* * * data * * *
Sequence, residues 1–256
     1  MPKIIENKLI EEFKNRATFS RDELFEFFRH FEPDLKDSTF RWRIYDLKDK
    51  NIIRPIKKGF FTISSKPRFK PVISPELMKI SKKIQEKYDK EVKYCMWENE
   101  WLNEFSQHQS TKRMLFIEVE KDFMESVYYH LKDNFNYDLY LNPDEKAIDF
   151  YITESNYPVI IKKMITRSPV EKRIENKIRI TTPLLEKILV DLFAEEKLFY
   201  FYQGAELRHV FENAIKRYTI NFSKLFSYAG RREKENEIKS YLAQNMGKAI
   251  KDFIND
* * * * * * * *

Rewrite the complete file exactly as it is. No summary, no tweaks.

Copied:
Sequence, residues 1–256
     1  MPKIIENKLI EEFKNRATFS RDELFEFFRH FEPDLKDSTF RWRIYDLKDK
    51  NIIRPIKKGF FTISSKPRFK PVISPELMKI SKKIQEKYDK EVKYCMWENE
   101  WLNEFSQHQS TKRMLFIEVE KDFMESVYYH LKDNFNYDLY LNPDEKAIDF
   151  YITESNYPVI IKKMITRSPV EKRIENKIRI TTPLLEKILV DLFAEEKLFY
   201  FYQGAELRHV FENAIKRYTI NFSKLFSYAG RREKENEIKS YLAQNMGKAI
   251  KDFIND